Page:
In his memoir "I Am Spock," Leonard Nimoy admitted that he was embarrassed while filming the episode — and watching his performance, you can see moments of that truth shining through the artifice. "Trek" never recovered, soon receiving its cancellation as Season 3 put a once-great show out of its misery. Of course, the franchise would eventually be redeemed — but looking back now, it feels like "Spock’s Brain" could have been the last nail in its coffin, if not for "Trek" fans who still saw a universe with so many great stories to tell.

Star Trek unleashes its first-ever cliffhanger

Picard as Locutus

"Mr. Worf, fire." Any "Trek" fan can tell you what those immortal words mean.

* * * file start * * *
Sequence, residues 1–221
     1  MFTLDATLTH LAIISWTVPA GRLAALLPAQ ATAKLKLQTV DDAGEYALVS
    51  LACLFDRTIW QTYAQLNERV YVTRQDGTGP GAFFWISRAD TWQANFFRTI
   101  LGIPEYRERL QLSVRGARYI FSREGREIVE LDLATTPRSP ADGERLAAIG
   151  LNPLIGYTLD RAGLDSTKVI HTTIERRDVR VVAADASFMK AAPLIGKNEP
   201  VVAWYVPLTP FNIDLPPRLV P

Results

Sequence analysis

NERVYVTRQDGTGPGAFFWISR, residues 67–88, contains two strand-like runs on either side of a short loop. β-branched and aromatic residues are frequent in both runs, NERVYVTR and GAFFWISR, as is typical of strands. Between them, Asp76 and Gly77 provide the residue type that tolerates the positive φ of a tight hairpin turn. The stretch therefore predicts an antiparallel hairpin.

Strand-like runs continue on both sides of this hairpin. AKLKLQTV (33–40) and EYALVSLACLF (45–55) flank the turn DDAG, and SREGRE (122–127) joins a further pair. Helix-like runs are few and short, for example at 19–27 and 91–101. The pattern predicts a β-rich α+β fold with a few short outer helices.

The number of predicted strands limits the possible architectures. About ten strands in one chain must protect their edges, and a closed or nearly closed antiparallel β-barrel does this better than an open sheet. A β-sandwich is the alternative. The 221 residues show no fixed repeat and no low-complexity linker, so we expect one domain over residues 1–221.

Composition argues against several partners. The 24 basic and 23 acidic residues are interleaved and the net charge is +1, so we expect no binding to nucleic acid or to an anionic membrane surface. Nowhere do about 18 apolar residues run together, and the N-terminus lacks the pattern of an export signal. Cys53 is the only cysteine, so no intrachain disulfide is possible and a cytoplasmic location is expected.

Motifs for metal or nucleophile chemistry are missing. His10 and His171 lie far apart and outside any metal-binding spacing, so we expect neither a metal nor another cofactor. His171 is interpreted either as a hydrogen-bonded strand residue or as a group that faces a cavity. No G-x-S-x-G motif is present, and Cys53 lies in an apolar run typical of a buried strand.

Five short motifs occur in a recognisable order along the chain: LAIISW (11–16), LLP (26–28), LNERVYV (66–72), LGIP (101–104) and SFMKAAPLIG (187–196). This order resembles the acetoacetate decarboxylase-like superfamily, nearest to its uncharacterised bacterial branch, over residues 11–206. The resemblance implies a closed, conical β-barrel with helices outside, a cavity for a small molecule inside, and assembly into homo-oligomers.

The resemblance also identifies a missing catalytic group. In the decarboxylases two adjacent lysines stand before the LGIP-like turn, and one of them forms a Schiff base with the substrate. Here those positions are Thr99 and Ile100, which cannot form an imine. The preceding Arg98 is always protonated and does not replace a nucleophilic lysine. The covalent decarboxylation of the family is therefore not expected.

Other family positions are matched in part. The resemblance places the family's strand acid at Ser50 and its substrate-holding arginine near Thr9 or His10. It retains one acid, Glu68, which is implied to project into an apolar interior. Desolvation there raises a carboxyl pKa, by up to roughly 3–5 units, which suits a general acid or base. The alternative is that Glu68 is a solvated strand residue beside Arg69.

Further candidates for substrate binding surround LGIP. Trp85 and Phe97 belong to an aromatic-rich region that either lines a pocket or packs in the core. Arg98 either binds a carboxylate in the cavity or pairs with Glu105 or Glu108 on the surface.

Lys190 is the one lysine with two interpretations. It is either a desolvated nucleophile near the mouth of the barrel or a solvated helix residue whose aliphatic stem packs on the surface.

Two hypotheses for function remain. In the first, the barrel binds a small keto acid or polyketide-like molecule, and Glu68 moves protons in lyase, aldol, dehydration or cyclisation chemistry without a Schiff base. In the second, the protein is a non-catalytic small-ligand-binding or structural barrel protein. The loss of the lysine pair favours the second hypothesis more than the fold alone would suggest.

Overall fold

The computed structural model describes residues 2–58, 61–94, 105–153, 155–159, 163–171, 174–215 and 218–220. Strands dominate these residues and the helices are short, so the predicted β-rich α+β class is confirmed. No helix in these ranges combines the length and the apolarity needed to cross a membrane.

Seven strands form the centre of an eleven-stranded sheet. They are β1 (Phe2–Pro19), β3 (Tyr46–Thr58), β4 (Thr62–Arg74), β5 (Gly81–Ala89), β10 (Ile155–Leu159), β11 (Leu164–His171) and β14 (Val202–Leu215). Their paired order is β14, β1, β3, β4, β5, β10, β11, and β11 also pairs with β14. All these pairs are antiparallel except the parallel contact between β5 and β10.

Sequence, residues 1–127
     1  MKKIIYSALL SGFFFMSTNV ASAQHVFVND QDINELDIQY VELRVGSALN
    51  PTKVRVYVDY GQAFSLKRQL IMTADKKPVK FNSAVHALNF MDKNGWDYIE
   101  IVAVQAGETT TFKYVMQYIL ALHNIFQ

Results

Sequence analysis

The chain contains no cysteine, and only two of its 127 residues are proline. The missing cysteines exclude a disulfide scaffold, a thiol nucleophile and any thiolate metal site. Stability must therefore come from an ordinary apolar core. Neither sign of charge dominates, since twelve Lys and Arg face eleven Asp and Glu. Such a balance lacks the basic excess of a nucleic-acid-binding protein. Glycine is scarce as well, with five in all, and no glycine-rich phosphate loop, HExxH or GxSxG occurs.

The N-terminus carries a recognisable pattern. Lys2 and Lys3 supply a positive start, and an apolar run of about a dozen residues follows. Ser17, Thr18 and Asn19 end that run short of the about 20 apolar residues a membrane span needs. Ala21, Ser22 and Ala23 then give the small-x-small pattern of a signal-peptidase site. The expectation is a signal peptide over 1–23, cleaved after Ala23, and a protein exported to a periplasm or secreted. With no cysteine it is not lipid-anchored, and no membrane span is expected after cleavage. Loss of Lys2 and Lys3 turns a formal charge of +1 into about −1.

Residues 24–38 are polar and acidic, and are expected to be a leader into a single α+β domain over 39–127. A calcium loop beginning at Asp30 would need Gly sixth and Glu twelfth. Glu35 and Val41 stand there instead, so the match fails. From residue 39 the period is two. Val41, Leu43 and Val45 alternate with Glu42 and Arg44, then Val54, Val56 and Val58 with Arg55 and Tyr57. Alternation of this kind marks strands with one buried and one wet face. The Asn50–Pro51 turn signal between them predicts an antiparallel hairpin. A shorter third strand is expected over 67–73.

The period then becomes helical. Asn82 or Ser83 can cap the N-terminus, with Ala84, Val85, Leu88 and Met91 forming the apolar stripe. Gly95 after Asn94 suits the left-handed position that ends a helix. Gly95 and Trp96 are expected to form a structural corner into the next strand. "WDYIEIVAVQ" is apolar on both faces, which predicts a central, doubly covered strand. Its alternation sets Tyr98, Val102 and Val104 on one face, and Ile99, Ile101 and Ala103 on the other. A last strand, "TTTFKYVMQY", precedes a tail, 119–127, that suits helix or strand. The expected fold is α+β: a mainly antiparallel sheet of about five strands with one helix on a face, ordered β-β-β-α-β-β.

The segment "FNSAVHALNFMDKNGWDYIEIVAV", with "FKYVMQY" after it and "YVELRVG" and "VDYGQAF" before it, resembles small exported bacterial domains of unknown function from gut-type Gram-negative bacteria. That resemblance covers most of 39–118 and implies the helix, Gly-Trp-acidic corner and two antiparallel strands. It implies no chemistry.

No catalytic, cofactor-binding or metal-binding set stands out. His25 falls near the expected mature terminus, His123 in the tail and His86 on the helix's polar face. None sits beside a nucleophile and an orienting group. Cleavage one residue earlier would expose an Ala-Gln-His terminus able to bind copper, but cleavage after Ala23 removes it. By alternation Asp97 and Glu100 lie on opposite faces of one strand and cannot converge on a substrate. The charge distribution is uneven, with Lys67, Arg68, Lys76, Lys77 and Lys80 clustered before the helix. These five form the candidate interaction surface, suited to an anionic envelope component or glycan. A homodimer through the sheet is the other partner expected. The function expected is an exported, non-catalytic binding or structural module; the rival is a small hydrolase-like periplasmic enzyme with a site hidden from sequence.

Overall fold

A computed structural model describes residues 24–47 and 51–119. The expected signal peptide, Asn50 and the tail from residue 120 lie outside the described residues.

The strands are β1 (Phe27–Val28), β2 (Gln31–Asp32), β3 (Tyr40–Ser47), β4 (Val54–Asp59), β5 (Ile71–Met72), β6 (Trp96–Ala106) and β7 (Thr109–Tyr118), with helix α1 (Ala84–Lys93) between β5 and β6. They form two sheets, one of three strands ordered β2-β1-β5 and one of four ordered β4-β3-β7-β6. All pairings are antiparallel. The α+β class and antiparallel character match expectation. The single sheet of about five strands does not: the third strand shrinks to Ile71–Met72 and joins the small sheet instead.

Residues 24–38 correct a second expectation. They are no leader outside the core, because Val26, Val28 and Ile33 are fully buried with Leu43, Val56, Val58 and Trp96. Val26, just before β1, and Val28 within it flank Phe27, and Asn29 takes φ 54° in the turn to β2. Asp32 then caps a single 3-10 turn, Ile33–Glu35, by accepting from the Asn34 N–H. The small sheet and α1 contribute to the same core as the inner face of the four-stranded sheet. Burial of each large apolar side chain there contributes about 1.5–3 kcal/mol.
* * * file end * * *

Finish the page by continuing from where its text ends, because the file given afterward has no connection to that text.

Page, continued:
When Captain Jean-Luc Picard (Patrick Stewart) was transformed into Locutus of Borg in "The Best of Both Worlds Part 1," Commander William Riker (Jonathan Frakes) gave the order to destroy the Borg ship, which would kill Picard before the crew had a chance to save him. Ending Season 3 with such a stunning moment generated enormous interest from fans, resulting in the Season 4 premiere having the show’s best ratings in years.

Ultimately, the decision to fire did not destroy the ship and Picard was indeed rescued and turned back into a human; nevertheless, that moment stuck with fans. From that point on, "The Next Generation" would step out of the shadow of the original show and be taken seriously as a great series in its own right. The impact of the episode would be felt for many years to come, including in "Star Trek: First Contact," perhaps the most popular "TNG" film.